Here are pictures from inside the Vehicle Assembly Building (VAB). Red dye is applied to external tank to help expose cracks or compression dents. The red dye is sanded away and a vacuum hose is used to remove excess particles. Several service platforms were arranged around the Shuttle to provide access for the technicians to repair the damages on the ET and the Orbiter caused by the hail storm.
Wednesday, March 21, 2007
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Well I am glad to see that progress is being made. How much longer due you expect it will take until the shuttle is rolled back out of the VAB to the launch pad?
Followed a link from the Bad Astronomy blog to here; very pleased with what I see.
Your blog is fascinating to this layman. Please keep it up.
Good fortune on your journey!
I also came here via the Bad Astronomer. What a wonderful blog. I forwarded a link to my 13-year-old daughter and told her what I had learned about you.
When I got home from work tonight she showed me two books she borrowed from the library today. She has to do a book report and both books were on the Apollo missions! It is so exciting to see her interest in science and space grow.
You are the kind of role model that can teach her to not limit herself when thinking about her future.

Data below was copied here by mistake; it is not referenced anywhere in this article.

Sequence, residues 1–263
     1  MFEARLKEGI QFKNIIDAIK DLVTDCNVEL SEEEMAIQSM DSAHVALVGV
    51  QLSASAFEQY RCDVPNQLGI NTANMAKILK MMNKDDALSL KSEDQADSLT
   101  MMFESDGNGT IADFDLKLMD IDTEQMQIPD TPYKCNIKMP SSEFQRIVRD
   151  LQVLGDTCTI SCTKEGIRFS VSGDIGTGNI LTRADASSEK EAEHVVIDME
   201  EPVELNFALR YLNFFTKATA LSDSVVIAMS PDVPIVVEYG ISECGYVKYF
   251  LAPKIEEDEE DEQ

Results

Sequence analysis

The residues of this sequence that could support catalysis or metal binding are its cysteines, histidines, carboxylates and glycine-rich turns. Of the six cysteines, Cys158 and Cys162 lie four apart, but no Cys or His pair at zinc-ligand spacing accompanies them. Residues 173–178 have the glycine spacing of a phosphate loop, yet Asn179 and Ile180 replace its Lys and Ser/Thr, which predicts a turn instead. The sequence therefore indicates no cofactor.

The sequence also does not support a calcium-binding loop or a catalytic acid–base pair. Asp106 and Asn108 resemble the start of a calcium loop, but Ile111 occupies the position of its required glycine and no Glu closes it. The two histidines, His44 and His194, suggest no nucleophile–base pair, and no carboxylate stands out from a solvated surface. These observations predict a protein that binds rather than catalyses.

Best of luck! I look forward to watching you launch into space.
Great blog. Good luck, and hopefully we'll meet. I'll be applying next year.
I'm curious about the sources for your pictures, obviously, the ones with you in them are by your camera, but are the others NASA PAO shots that you gather and add comments to?
Tom to answer your question:
Some pictures I take myself, I may be in them or I may not be.
One comment that I frequently get from people is that NASA website is a little difficult when trying to find what you're looking for.
The pictures I don't take, I get from the NASA website: http://mediaarchive.ksc.nasa.gov/index.cfm
Shuttle Status Reports can be found here: http://www.nasa.gov/centers/kennedy/news/index.html
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